For households to be eligible for food stamps, also known as Supplemental Nutrition Assistance Program or SNAP benefits, their incomes and resources must be within federal guidelines. Able-bodied adults must register for work and participate in employment and training. SNAP is open to U.S. citizens and some classifications of noncitizens.
To receive SNAP benefits, a household must have a gross monthly income at or under 130 percent of the federal poverty level and a net monthly income after deductions of 100 percent or less than the federal poverty level as of 2015. A household's gross income is the combined income of all members before deductions, such as a 20 percent earned-income deduction, a standard deduction based on household size, a dependent-care deduction, medical costs for disabled or elderly members and a deduction for excess shelter and utility costs. Households with at least one disabled or elderly member only need to meet the net income requirements.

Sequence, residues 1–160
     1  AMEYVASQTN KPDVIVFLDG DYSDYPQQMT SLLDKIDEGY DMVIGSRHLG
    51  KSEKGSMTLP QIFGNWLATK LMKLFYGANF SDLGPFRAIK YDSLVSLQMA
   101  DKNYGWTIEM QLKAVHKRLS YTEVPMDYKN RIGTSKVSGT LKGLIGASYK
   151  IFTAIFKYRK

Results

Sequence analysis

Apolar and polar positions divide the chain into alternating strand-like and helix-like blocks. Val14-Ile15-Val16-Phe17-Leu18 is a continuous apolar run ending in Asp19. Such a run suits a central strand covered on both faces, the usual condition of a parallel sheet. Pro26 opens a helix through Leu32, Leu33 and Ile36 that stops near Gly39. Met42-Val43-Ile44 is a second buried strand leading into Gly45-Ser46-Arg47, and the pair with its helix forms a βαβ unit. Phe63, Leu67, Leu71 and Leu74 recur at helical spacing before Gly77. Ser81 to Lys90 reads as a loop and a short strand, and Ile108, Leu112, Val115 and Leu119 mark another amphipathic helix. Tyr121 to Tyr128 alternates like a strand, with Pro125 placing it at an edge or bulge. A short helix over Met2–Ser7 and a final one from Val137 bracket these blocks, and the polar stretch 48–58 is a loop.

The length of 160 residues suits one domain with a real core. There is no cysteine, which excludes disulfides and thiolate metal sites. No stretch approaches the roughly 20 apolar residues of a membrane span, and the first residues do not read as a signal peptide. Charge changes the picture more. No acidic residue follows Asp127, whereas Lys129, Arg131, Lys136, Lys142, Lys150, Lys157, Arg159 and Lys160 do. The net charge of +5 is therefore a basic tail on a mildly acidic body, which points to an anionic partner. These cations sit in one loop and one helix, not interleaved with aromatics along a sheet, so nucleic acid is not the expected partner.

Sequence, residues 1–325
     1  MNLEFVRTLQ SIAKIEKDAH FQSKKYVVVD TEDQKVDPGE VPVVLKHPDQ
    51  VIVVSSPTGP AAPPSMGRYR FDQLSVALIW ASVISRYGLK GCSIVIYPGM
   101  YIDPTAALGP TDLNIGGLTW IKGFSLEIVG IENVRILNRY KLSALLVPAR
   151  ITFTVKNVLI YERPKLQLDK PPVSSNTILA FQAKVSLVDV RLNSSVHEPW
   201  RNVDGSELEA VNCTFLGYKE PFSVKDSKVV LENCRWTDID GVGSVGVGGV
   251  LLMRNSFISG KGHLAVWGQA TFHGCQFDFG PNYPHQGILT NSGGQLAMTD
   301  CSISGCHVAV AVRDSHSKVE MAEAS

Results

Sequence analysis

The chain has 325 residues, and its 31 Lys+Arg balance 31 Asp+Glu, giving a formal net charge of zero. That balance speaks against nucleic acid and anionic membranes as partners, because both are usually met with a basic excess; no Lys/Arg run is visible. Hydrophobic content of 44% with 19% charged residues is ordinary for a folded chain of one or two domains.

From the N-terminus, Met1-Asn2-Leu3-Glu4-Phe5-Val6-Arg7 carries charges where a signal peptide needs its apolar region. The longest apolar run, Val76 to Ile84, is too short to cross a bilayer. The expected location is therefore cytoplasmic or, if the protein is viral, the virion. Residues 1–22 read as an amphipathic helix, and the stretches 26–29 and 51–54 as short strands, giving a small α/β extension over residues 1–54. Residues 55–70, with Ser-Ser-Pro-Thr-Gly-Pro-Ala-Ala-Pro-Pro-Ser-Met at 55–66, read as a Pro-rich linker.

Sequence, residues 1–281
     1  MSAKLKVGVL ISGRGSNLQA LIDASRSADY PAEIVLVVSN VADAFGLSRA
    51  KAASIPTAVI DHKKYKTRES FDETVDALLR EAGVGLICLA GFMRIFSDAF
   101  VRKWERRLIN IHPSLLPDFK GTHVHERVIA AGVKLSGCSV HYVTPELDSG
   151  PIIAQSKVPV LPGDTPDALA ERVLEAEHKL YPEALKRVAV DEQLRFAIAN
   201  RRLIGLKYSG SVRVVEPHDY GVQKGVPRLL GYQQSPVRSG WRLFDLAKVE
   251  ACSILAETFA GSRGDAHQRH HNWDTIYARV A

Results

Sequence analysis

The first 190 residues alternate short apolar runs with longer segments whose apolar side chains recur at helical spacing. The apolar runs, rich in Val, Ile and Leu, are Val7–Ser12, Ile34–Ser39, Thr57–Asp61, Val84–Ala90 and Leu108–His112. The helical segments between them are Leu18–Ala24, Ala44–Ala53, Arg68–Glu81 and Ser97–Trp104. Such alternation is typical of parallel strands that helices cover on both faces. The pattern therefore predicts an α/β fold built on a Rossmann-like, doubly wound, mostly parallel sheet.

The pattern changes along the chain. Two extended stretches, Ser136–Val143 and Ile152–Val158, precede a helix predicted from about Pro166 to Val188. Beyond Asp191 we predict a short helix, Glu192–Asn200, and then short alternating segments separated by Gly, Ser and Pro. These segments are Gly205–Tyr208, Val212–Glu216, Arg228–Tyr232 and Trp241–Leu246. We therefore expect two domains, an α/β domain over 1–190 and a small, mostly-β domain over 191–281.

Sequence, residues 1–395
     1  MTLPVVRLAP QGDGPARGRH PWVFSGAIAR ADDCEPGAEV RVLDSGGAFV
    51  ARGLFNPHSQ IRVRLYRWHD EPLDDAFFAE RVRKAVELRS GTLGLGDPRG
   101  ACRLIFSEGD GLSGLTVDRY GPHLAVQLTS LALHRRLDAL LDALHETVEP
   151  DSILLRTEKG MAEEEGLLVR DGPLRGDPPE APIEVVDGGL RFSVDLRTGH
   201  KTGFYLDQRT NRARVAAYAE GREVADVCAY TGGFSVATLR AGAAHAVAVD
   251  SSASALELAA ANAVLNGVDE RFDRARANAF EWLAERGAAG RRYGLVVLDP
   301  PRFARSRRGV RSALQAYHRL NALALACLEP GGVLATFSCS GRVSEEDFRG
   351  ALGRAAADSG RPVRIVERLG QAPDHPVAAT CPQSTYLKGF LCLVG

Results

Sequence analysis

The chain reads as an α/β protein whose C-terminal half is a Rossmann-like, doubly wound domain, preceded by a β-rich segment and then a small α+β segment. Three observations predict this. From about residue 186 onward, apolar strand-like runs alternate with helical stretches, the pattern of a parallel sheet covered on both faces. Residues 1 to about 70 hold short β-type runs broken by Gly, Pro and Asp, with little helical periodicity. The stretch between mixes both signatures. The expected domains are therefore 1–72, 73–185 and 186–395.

Households must also meet the countable resource limits of $2,250 per household, or $3,250 if at least one member is disabled or elderly as of 2015. However, the SNAP program does not count some resources, such as primary homes and retirement plans, and most states do not count vehicles. Healthy adults between the ages of 16 and 60 must accept suitable employment or training to remain in the SNAP program. Legal immigrants who have lived in the United States for at least five years, are disabled or are under 18 may qualify for the SNAP program.